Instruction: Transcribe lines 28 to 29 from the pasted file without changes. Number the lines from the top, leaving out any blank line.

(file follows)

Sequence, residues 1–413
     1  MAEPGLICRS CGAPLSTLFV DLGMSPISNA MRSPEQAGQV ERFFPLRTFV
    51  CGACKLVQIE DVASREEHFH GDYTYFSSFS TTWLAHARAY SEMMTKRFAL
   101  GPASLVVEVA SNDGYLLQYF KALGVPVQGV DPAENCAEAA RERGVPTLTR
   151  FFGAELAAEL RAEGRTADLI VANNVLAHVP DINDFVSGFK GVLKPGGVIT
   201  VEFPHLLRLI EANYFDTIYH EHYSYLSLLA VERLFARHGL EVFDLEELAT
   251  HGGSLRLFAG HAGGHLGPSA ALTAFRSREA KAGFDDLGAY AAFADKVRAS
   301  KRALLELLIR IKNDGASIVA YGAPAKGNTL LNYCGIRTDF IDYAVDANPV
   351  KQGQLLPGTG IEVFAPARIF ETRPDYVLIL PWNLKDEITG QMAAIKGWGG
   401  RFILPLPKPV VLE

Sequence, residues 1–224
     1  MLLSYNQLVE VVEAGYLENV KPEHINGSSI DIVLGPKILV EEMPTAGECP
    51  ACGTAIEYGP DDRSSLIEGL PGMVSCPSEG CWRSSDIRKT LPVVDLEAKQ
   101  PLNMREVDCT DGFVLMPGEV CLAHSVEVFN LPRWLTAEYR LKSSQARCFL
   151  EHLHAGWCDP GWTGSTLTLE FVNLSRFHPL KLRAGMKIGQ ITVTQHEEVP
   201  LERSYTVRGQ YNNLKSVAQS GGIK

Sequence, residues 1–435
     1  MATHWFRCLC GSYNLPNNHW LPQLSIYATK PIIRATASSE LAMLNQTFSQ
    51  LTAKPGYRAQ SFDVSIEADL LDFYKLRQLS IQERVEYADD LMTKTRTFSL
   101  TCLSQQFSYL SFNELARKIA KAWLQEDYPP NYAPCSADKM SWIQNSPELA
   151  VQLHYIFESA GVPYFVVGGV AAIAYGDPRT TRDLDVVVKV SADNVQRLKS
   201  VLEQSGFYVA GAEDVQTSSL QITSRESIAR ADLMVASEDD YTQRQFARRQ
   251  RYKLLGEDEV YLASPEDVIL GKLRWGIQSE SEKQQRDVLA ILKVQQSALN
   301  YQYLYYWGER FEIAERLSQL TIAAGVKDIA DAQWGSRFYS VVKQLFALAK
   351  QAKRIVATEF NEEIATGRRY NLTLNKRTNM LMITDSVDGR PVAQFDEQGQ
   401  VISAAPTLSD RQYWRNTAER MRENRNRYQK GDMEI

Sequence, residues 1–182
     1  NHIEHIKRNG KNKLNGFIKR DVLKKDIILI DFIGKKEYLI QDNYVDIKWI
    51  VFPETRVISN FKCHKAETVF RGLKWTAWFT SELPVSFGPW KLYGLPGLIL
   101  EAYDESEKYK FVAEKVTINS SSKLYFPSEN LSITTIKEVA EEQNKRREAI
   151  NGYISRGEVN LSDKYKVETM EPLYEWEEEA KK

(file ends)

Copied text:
     1  NHIEHIKRNG KNKLNGFIKR DVLKKDIILI DFIGKKEYLI QDNYVDIKWI
    51  VFPETRVISN FKCHKAETVF RGLKWTAWFT SELPVSFGPW KLYGLPGLIL